Things I Learned Growing Up On A Farm

My name is Marinda Annis Nash Ferrell, M.Ed; Nash is my maiden name, I am a native of Southern Illinois a transplanted Californian for fifteen years. Born in Saint Louis, Missouri many years ago. Attended both Public and Private Schools to obtain my education. My home is in Mehlville, Missouri population eleven thousand and forty miles south of Saint Louis.

I was ten years old when I experienced the farm life. It was on April 15, 1959 that my life drastically changed. My mother who had became to ill to care for her only daughter. My mother wanted a life for me that would allow me to discover my best self. The Family Service Social Workers got involved and decided a rural environment would be best for me. On that day all I was told “you will have a new family.” This new family and I had never met each other. The car trip took hours to drive from East Saint Louis, Illinois to a postage stamp size Pulaski, Illinois. I could see all the fields and cows as we drove down the gravel road.

 Pulling up into the gravel driveway where a red nice ranch style home stood and a woman was standing on the porch. I was introduced to her and she told me her name. She was an attractive lady and she led me into the house. The first time in my life I was sacred and wanted to go back home. One thing I did know I didn’t want to cry. My  home could be flooded with the tears left behind.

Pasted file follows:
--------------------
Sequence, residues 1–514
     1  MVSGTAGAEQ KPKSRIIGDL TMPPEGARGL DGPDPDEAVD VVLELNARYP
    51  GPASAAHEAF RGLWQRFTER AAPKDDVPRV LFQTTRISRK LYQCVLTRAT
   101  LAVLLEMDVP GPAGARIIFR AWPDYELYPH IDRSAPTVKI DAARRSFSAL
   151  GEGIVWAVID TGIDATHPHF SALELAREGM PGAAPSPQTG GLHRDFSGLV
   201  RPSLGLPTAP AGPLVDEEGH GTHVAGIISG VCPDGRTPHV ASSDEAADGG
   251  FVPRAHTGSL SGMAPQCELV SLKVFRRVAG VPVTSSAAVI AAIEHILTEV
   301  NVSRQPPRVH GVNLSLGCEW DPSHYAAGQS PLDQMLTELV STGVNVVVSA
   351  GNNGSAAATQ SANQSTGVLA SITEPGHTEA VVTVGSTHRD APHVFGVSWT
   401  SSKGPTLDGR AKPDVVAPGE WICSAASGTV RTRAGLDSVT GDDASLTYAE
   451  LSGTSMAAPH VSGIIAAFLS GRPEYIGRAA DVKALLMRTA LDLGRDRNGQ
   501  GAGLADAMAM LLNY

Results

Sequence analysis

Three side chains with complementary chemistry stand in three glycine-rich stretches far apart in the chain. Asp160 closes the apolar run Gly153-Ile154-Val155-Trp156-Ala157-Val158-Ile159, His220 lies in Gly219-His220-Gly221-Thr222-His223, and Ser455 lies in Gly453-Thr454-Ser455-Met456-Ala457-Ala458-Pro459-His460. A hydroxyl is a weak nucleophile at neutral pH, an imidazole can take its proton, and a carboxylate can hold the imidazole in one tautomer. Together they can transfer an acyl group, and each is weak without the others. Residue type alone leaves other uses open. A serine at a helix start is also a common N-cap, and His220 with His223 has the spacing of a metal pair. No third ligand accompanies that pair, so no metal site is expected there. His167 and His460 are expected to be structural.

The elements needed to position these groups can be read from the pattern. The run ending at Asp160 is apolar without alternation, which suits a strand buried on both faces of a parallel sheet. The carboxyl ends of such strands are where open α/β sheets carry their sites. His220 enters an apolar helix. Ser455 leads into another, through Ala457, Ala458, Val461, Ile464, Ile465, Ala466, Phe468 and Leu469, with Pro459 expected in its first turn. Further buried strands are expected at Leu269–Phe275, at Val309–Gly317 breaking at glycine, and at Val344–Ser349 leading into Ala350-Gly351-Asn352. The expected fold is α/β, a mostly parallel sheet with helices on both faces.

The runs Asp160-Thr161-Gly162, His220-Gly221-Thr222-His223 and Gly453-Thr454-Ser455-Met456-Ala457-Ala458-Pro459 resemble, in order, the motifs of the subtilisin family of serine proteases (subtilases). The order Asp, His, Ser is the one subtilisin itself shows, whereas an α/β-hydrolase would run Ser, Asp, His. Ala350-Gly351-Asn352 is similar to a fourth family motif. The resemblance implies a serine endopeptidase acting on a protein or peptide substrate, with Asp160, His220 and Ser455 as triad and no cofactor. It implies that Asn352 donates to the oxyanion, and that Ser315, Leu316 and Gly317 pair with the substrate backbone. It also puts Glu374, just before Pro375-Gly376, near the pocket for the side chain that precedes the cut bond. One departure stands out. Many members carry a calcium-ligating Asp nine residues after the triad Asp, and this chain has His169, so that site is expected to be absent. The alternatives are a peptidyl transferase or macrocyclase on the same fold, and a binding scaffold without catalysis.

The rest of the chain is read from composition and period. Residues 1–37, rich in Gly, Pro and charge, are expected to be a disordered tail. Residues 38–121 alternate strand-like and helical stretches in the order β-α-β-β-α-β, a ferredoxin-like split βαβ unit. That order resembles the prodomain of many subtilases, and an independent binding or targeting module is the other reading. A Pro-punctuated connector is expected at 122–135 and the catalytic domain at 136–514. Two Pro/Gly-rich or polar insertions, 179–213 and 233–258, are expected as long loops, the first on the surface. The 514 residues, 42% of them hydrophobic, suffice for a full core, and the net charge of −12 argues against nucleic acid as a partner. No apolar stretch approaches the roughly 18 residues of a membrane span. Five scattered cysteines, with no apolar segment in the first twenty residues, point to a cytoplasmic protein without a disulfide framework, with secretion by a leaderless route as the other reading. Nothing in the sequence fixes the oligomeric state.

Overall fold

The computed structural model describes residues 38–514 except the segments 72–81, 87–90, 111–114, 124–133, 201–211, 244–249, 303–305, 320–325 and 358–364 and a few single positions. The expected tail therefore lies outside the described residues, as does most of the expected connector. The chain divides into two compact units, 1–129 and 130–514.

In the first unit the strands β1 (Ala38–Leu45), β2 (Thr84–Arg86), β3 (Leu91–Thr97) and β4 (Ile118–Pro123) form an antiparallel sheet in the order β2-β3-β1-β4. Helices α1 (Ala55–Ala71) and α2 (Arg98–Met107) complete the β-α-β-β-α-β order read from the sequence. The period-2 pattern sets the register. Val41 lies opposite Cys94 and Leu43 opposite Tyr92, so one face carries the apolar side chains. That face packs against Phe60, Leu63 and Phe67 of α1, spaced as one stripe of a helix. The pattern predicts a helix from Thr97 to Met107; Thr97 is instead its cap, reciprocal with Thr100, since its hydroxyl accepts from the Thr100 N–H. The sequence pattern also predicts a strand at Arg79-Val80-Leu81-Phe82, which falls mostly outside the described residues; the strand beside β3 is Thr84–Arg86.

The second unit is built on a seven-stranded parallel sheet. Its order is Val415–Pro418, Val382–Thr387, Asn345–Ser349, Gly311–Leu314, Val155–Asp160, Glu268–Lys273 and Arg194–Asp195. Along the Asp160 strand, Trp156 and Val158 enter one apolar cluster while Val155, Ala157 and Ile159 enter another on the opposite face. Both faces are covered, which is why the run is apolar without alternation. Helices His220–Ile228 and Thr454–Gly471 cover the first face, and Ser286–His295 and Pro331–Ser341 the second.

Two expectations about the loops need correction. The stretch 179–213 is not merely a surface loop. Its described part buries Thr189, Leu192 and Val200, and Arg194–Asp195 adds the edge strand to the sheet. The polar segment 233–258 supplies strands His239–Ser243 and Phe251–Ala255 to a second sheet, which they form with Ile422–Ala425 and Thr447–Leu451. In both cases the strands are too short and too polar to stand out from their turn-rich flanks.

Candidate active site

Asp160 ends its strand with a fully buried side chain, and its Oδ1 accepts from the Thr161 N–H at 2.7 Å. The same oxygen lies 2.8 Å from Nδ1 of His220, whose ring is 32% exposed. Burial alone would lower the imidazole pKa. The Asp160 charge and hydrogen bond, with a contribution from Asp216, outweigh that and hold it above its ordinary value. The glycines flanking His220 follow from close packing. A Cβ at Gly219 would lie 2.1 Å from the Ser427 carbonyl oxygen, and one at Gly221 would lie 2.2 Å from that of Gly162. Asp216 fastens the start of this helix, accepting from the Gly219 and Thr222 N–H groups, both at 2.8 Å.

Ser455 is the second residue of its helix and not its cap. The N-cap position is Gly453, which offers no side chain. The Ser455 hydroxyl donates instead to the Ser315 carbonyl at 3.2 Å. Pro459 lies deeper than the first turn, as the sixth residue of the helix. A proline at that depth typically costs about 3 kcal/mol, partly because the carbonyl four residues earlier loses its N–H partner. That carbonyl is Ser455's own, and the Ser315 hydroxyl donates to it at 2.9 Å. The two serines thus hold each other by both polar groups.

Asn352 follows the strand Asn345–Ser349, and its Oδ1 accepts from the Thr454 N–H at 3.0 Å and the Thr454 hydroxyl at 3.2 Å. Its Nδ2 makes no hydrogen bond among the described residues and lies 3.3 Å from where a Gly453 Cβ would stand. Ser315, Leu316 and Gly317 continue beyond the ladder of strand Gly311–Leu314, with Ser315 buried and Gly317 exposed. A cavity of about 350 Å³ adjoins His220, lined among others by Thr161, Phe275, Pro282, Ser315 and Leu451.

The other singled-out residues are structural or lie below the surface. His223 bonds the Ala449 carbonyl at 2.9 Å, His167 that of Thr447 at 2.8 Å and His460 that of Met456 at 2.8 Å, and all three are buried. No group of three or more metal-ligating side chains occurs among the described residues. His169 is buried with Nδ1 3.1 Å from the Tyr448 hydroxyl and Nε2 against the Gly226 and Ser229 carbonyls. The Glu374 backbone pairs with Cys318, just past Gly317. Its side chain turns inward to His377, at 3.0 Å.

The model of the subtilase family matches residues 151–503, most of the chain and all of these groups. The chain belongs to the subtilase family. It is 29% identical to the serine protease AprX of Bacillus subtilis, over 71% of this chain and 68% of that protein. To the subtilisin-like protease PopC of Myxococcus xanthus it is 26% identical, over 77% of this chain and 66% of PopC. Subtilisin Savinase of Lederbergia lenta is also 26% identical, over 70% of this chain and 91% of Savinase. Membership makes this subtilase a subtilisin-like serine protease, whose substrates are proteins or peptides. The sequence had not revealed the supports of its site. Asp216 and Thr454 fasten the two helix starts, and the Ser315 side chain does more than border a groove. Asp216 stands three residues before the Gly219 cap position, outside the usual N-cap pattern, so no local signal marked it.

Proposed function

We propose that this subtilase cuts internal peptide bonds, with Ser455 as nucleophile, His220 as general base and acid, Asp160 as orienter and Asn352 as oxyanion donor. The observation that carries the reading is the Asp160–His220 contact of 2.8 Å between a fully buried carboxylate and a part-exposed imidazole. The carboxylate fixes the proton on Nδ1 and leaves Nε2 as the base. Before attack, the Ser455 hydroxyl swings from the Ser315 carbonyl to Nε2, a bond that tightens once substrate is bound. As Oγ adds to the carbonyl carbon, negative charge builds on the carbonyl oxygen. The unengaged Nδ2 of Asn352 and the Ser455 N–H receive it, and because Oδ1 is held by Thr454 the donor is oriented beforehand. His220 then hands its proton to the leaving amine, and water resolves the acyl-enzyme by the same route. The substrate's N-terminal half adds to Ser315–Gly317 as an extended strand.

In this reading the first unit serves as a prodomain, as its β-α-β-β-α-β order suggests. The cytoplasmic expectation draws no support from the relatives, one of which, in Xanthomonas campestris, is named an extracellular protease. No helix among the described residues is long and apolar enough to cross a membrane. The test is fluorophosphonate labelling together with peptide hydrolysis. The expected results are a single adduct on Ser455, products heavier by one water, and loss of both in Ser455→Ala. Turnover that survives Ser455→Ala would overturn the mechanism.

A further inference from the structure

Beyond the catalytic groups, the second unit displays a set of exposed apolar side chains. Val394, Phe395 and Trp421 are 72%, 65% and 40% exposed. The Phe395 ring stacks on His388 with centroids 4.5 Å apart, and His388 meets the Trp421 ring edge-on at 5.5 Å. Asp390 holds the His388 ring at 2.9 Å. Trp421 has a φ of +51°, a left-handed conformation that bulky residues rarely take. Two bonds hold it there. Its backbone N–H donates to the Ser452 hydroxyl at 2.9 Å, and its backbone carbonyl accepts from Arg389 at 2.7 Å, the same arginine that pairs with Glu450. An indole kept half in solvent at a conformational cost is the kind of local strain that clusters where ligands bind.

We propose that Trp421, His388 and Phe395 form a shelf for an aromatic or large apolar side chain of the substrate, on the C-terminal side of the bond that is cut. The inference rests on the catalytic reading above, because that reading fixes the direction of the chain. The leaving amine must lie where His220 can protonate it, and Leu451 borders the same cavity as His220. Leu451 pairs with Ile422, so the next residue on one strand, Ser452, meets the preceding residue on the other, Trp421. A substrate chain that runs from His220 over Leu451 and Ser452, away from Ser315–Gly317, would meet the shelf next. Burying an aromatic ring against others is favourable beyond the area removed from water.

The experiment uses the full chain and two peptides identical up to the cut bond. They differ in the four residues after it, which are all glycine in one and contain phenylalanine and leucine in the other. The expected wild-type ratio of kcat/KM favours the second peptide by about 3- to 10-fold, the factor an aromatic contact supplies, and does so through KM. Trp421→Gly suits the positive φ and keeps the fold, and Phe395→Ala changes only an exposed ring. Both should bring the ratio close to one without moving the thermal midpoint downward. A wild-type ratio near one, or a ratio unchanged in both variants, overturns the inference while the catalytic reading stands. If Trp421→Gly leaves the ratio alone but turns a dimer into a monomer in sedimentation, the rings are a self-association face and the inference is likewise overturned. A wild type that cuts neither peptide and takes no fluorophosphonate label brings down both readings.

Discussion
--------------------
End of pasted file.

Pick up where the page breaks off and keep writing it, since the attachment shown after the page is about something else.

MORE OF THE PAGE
A tall man in coveralls and boots came into the dining room and told me his name was Joe short for Joseph . Joe and Hattie Thompson from that day became my teachers of what living on a farm would be for me. I came to them not because of anything I done but because of a very ill single mother who couldn’t meet the demands of a very rambunctious girl. 

The social worker seem pleased that everything will work out for all of us and left me. I didn’t cry but wanted to run like the devil after her but stood there looking at the two people who would become parents and teachers. They told me of another child who hadn’t came in from school. She was orphan and had been with them for years. She was fourteen and we would be the farm team.

My first duty the next day was to go and opened the door to the hen house. Looking from the kitchen window; my new mom pointed out the building to me  I walked to the hen house released the bar off the door and ran because they came rushing out and it was many of them. I learned hens had to be protected from predators wolves and foxes.

  It was at the table that life lessons were taught and doing the work enforced the lessons. Mother was an excellent cook and her table was always set up properly for every meal. There was blessings to be said before eating and that was fine because I was doing that from the age of three, Didn’t eat without blessing the table.